Opinions

‘Ag-gag’ laws protect factory farms

Iowa recently became the first state in the U.S. to enact so-called “Ag-gag” legislation (‘Ag’ as in agricultural, ‘gag’ as in to censor). At first glance it’s difficult to figure out what these laws, which have recently been proposed in almost a dozen states, are actually supposed to do.

The more extreme forms, like Florida’s proposed law, which failed to pass both the state House and Senate in early January, sought to criminalize the taking of any video or photograph of farm animals without the owner’s permission. Others, like the one recently passed in Iowa, make it a misdemeanor to provide false information on a job application to work at any agricultural business.

In general, these laws are designed to protect animal agriculture from whistleblowers and, in particular, undercover investigators from organizations like the Humane Society of the United States, Mercy for Animals and PETA, which all seek to expose extreme cases of animal cruelty. Members of these organizations frequently obtain employment at factory farms in order to covertly capture video of possible animal abuse, as can be found on numerous websites, such as meat.org.

Both versions of ‘ag-gag’ legislation described above cannot actually prevent a determined whistleblower from acquiring footage from inside a factory farm, but instead act as a deterrent to such activities. These laws also work to protect agricultural operations from any legal repercussions, since evidence of wrongdoing will likely have to be obtained illegally and thus may not be admissible in a court of law.

These types of laws seem completely indefensible on a number of levels. American consumers are generally becoming increasingly concerned with their food and the path it takes from the farm to their plate.

Animal agriculture, which is in many ways responsible for spawning of the myriad ‘ag-gag’ bill variants, has completely ignored changing consumer values and chosen to decrease industry transparency, instead attempting to punish individuals who attempt to share information their shady activities. ‘Ag-gag’ legislation has been widely condemned, not only by those concerned with animal welfare, but by those concerned with public health, environmental regulations and worker welfare, all of which are jeopardized by a food supply that is immune from consumer oversight.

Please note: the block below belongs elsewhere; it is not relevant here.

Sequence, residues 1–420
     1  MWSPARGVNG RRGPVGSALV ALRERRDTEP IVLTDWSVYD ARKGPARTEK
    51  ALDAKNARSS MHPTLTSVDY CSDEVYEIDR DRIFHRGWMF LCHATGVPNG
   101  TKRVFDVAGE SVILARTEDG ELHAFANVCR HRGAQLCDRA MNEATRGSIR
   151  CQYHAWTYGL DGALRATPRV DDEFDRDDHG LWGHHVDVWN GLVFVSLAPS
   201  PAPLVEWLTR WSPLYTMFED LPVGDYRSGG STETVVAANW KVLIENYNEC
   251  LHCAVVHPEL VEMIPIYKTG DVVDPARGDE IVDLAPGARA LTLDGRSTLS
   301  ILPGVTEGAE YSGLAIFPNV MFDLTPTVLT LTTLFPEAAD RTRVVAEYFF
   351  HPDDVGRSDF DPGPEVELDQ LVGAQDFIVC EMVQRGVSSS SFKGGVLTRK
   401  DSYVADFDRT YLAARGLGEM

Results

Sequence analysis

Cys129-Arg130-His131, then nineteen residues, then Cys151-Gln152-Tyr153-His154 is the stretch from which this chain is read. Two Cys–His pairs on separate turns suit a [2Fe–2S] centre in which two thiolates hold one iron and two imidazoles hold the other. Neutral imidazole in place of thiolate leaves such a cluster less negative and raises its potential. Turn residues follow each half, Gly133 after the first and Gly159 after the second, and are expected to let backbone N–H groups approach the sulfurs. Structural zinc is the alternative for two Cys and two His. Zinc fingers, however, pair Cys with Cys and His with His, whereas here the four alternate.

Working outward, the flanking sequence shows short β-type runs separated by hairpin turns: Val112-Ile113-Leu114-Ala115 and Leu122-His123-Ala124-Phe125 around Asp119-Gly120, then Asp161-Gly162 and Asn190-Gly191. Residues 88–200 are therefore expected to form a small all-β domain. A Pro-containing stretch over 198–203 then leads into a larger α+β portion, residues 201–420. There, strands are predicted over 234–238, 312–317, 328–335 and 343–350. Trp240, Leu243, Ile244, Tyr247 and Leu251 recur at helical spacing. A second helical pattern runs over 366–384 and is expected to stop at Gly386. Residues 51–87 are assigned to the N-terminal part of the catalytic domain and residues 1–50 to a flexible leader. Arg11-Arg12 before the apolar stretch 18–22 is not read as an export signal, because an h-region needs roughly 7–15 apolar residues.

Four years ago a video of Hallmark Meat Packing Company —at the time the second largest supplier of beef for school lunches—showed workers ramming sick and injured cows with a forklift in order to force them to move to slaughter (legally, animals cannot be slaughtered if they are not healthy enough to walk into the building themselves). This video resulted in the largest recall of beef in U.S. history, and represents the exact kind of threat to public health that might get legally swept under the rug if ‘ag-gag’ laws continue to spread.

The sudden emergence of these proposed laws is essentially an admission by the animal agriculture industry that the more consumers find out about factory farms, the less likely they are to purchase their products.

The sad truth is that undercover investigators consistently obtain footage that is widely perceived as completely appalling. The meat industry always offers some variation on the same story. They claim that the documented conditions are abnormal and specific to one particular farming operation, yet discount the fact that deplorable animal treatment has been found virtually every time an investigator has documented the practices of factory farms.

Rather than attempt to improve conditions, the meat industry has strived to convince the public that the majority of farm animals live happy and enjoyable lives, and to prevent the dissemination of content accurately depicting the factory farm conditions that would affect the behavior of conscientious consumers.

 

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